At least 6 White House advisers reportedly used private email accounts for government business

Mark Abadi
jared kushner ivanka trump steve bannon reince priebus

(From right, the former White House chief of staff Reince Priebus, former chief strategist Steve Bannon, and advisers Ivanka Trump and Jared Kushner were among those who The New York Times said used private email servers to discuss government business.Mario Tama/Getty Images)

At least six White House advisers used private email accounts for government business, according to a New York Times report on Monday.

The Times, citing current and former White House officials, said the former White House chief of staff Reince Priebus, former chief strategist Steve Bannon, and current advisers Gary Cohn and Stephen Miller all sent or received at least some work-related emails from personal accounts.

Politico had reported on Sunday that the adviser Jared Kushner, Trump's son-in-law, sent or received about 100 emails from a private account from January through August. And a report from Newsweek on Monday said Trump's daughter Ivanka Trump, a White House adviser since March, also used a private email address.

Using a personal email account for government business is not illegal for advisers, but they are supposed to forward all such emails to their government accounts so they can be made available to the public.

The report of Kushner's use of the private server prompted Rep. Elijah Cummings, the ranking Democrat on the House Oversight Committee, to launch an investigation into the matter. Cummings was joined by the committee's Republican chairman, Trey Gowdy, who wrote to the Trump administration asking for more information on senior officials using private accounts.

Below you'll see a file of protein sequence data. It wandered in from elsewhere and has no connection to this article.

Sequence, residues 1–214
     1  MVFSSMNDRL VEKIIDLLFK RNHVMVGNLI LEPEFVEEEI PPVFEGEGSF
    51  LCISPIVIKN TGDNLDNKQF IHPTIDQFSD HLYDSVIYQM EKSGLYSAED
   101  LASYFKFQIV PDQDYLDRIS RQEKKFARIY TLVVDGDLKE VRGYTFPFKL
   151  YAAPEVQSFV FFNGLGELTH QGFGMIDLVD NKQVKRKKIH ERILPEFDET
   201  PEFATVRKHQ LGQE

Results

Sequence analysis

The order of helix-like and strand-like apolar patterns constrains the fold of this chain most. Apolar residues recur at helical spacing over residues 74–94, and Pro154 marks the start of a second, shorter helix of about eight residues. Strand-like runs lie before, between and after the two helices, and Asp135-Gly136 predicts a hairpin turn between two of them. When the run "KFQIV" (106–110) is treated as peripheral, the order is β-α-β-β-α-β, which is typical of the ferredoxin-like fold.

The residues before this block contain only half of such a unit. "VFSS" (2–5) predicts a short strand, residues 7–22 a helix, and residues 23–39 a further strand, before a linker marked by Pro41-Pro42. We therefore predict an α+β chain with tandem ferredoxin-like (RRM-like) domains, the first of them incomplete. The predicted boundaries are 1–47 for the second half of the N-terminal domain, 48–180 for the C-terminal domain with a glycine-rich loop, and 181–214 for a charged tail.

During the 2016 presidential campaign, members of Trump's team repeatedly criticized Hillary Clinton for her use of a private email server during her tenure as secretary of state. At his rallies, Trump described Clinton's actions as criminal, prompting raucous chants of "Lock her up!" from his crowds.

An FBI investigation into Clinton's email use ended with then-FBI Director James Comey declining to recommend criminal charges against Clinton.

But as The Times noted, there are some differences between Clinton's private email use and that of the Trump advisers. For one, Clinton's emails numbered in the tens of thousands, about 100 of which contained classified information. In the Trump advisers' case, the content and frequency of the emails are unknown, but the officials cited by The Times described them as sporadic.

The White House press secretary, Sarah Huckabee Sanders, acknowledged the private email use in a statement on Monday:

"All White House personnel have been instructed to use official email to conduct all government-related work," she said. "They are further instructed that if they receive work-related communication on personal accounts, they should be forwarded to official email accounts."

Read the Times report here »

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